STEM-ulate Your Future
Families and youth participated in a hands-on STEM Fest, hosted by Guthrie County Extension and held at Coon Rapids-Bayard high school on Saturday, March 24.
The free, fast-paced, educational afternoon was filled with family fun learning about STEM (science, technology, engineering, and math). Visitors explored local heroes with the fire department and Emergency Medical Services, learned about ethanol production, investigated wildlife rehabilitation, dove into a real medical lab, and operated drones.
They also learned about animal science, explored electricity with Science Center of Iowa, and discovered pollinators.
There were door prizes and giveaways in the two-hour long event.
Owen Weber, 11, from West Central Valley put on gloves to explore organs of a deceased young pig. John Greving of Veterinary Services AMVC, talked to the young Weber about how the nutrients from the food the pig eats goes through it’s body, pointing out organs and veins along the way.
“That’s really cool,” Weber said as Greving pointed to the pig’s intestine and pancreas.
“The liver makes the nutrients into blood which pumps back to the heart,” Greving said.
Ryne Noland, 8, of Adair was also intrigued with the pig’s organs, as he stepped closer to get a better look.
Chad Sheley, a volunteer at the John Deere booth, weighed a piece of aluminum foil holding toy tractors and pennies.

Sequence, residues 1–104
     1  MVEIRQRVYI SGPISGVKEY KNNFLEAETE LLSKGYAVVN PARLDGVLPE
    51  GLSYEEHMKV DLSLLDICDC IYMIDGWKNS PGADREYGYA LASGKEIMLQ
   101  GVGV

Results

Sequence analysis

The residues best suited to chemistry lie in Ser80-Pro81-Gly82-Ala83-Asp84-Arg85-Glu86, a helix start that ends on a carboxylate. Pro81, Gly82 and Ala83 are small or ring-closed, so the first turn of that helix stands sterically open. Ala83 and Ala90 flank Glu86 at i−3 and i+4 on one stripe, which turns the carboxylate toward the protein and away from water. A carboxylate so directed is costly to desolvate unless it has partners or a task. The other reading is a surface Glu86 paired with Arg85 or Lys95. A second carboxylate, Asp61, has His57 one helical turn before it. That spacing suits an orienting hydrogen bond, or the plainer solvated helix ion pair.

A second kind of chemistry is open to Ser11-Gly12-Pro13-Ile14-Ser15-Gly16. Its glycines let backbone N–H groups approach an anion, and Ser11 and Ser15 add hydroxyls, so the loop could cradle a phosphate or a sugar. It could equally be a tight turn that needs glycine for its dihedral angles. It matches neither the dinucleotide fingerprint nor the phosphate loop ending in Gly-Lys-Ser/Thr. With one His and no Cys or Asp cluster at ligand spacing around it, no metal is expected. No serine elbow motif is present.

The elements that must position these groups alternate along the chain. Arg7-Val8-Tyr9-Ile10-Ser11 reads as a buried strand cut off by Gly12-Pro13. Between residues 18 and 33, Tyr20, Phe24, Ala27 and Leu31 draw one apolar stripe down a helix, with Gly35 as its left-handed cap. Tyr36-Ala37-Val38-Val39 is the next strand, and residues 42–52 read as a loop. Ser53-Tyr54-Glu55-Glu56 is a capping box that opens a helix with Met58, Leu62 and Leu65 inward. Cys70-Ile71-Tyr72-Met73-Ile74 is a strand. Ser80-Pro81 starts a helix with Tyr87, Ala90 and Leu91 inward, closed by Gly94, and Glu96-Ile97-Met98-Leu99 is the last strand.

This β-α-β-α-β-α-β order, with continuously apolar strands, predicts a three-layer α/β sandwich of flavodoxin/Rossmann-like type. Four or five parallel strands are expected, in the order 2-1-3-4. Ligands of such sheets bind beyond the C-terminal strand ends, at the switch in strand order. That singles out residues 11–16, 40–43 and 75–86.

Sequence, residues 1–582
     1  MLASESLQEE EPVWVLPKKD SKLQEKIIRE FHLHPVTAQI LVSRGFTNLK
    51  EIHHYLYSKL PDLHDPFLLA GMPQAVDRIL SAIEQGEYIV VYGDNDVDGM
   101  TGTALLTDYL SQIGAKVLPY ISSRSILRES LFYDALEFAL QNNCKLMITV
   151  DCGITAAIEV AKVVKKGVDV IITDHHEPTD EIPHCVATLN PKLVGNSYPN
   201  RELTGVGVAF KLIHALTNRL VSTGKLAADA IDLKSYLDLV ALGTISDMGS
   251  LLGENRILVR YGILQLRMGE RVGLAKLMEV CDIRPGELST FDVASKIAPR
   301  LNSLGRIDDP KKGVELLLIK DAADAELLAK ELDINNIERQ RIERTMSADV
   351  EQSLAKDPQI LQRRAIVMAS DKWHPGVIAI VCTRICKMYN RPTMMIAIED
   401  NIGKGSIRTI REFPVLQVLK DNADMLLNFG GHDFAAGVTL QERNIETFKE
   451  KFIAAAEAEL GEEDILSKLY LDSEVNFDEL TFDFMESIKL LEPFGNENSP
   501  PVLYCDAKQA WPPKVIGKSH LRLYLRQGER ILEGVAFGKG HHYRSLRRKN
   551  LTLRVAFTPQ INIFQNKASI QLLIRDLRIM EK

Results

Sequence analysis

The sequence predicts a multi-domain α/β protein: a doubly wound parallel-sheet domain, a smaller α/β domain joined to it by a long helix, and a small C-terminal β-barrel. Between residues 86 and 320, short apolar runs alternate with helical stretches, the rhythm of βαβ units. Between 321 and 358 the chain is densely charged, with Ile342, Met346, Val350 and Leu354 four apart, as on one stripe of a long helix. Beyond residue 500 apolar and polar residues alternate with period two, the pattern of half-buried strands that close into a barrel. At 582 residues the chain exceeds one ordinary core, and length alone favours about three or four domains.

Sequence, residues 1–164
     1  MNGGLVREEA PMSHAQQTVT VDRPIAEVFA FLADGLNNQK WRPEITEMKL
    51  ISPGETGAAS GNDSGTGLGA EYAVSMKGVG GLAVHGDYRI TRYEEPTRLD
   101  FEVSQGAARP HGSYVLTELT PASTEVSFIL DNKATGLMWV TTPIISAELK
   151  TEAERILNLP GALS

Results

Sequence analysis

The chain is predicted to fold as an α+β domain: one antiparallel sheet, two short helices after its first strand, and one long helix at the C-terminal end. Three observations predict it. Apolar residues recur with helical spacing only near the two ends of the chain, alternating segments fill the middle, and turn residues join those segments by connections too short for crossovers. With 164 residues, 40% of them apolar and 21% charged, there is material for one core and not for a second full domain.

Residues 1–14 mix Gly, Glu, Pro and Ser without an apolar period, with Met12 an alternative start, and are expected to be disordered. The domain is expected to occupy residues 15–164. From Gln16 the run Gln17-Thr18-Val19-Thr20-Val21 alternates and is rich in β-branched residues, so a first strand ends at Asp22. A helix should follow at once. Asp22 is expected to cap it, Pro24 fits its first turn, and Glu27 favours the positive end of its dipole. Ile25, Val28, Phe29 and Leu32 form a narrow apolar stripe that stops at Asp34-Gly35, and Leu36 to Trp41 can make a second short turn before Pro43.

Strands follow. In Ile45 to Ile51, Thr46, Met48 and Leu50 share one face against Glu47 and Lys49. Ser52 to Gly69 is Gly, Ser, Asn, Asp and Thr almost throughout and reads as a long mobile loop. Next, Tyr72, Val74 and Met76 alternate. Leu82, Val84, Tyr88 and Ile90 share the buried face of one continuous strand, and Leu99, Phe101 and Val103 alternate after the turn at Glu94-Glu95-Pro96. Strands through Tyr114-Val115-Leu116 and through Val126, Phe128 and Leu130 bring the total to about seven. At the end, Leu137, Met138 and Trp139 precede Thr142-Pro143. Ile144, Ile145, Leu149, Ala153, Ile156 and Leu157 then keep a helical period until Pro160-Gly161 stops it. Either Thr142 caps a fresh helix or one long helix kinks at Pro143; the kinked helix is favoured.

“The service area is better with tall sides,” Sheley said as he measured 529 grams on the scale. One youngster got a piece of aluminum foil to hold 1,119 grams earlier in the day, Sheley said.
Participants could fold the aluminium foil anyway they wanted to get it to hold the most weight as they added the toy John Deere figures and added pennies until their foil sunk to the bottom of the tub of water.
Coon Rapids-Bayard high school FFA members Caitlin Schultes, Jacey Hoffman and Emily Baker shared with visitors about the DNA for strawberries.
Panorama FFA member Molly Simmons shared about soil and water at another booth.
Callin Stangl, 18 months, climbed on a pedal tractor to explore.
Coon Rapids-Bayard sixth-grader Breeley Clayburg experimented with static electricity as her hair stood straight up on top of her head during a visit to the Science Center of Iowa booth.
Natalie Lewis of Lewis Chiropractic in Coon Rapids shared with visitors to her booths about the bones in their backs.
“Do you know what order these go in,” as she encouraged a group of students visiting her booth to line up the bones.
At the Whiterock Conservancy booth, participants pulled items from a tub, including a milk jug, placing it on a year as they guessed how long it takes each product to decompose in our environment. Participants were each given a backpack when they signed in and had a passport stamped as they moved throughout nearly 30 booths inside the Coon Rapids-Bayard school.